Lumber prices have slipped from the stratospheric highs seen earlier this year but the demand for Northwest logs is expected to remain healthy, experts say.
After consistently hovering above $1,500 per thousand board-feet earlier this year, the price of lumber is now down to about $1,000 per thousand board-feet and falling.
For context, the price has usually ranged from about $300 to $400 per thousand board-feet over the past decade, said Brooks Mendell, president and CEO of the Forisk timber industry consulting firm.
While the price could drop to $500-$600 per thousand board-feet, the industry’s fundamentals remain solid because the U.S. housing inventory is low, he said.
“It’s primarily a function of sawmills catching up to demand,” with prices falling as supplies rise, Mendell said. “People have been running extra shifts and the demand has continued to be strong for lumber.”
If the demand for new housing — and the remodeling and repair market — remain strong, then lumber can continue to fetch decent prices, he said.
The price surge seen earlier this year was the result of a “pinch” in lumber production as sawmills struggled to increase their output, partly due to coronavirus restrictions and labor shortages, Mendell said.
“It took them longer to catch up than expected,” he said. “The price got out of whack.”
However, the labor shortages that have hindered lumber production may also constrain housing construction, acting as a headwind for lumber demand, Mendell said. “If you don’t have the bodies, the labor, you can’t build the homes.”
If the repair and remodeling market softens after growing robustly during the pandemic, that may also inhibit some of the demand for lumber, he said. “It’s possible we could have eaten some of the do-it-yourself projects out of the future and gotten them done already.”
Fluctuations in the lumber market don’t neatly correlate with changes in log prices, which are influenced by supplies available to sawmills, Mendell said.
“It’s a local market for logs and a national market for lumber,” he said.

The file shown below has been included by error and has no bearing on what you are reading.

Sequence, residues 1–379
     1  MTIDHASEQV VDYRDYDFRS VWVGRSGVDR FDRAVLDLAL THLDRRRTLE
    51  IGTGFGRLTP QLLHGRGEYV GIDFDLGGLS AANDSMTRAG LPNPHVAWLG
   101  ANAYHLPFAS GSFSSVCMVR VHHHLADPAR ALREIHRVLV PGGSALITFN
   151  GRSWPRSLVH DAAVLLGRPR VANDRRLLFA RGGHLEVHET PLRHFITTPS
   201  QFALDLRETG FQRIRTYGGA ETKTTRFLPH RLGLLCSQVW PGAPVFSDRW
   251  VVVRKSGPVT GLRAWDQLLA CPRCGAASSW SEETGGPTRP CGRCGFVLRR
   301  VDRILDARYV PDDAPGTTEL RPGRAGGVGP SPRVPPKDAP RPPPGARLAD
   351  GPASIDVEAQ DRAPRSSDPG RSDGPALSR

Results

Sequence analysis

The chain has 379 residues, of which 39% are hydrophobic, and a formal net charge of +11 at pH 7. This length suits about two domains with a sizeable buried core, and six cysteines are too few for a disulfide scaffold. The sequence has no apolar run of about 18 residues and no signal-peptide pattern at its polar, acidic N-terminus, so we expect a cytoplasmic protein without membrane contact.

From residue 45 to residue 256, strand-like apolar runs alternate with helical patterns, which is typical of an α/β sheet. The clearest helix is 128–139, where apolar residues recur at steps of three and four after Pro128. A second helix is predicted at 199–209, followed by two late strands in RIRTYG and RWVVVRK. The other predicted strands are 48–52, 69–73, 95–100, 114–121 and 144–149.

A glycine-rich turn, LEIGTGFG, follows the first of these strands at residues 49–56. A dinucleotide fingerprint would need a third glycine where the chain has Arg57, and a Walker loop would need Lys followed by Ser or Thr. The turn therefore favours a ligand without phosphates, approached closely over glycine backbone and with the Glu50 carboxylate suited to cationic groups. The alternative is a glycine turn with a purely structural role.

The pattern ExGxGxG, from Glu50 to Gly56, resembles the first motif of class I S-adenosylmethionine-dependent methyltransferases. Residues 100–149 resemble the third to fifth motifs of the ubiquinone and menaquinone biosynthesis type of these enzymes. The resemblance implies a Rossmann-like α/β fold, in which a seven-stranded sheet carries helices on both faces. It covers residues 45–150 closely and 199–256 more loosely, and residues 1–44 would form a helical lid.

Recent record-setting lumber prices haven’t caused a similar upswing in log prices, said Gordon Culbertson, international development director with the Forest2Market consulting firm.
“The two can be very disconnected,” he said.
Over the past year, log prices rose from roughly $700 per thousand board-feet to $900 after the September 2020 wildfires but have since declined to about $750 due to an abundance of salvage timber, he said.
“It’s a race to get it harvested and milled before it becomes unusable,” Culbertson said. Board-feet are calculated differently for timber and lumber, so 1,000 board-feet of timber can generate 2,000 board-feet of lumber or more.
With fire restrictions looming, reduced timber harvest could cause log prices to rise again later this summer, he said. “When mills aren’t getting logs, it doesn’t take long before the inventory is used up.”
Apart from accounting for fire risk, many sawmills are still eager to build up their log stocks for autumn and winter because lumber prices remain above the cost of production, said Hakan Ekstrom, principal of the Wood Resources International consulting firm.
“Even if prices have come down, lumber prices by historical standards are high,” he said. “They came down from an extraordinarily high level we haven’t seen before. There’s still a ways to go before they become hesitant to run.”
Sawmills will likely remain profitable for the next couple years and the demand for wood products can generally be expected to strengthen over the next decade or more, with some ups and downs, Ekstrom said.
Many homes in the U.S. were built immediately after World War II and have seen better days, he said. “A lot of those will need to be replaced with new houses or renovations, and that can’t be done in just a few years.”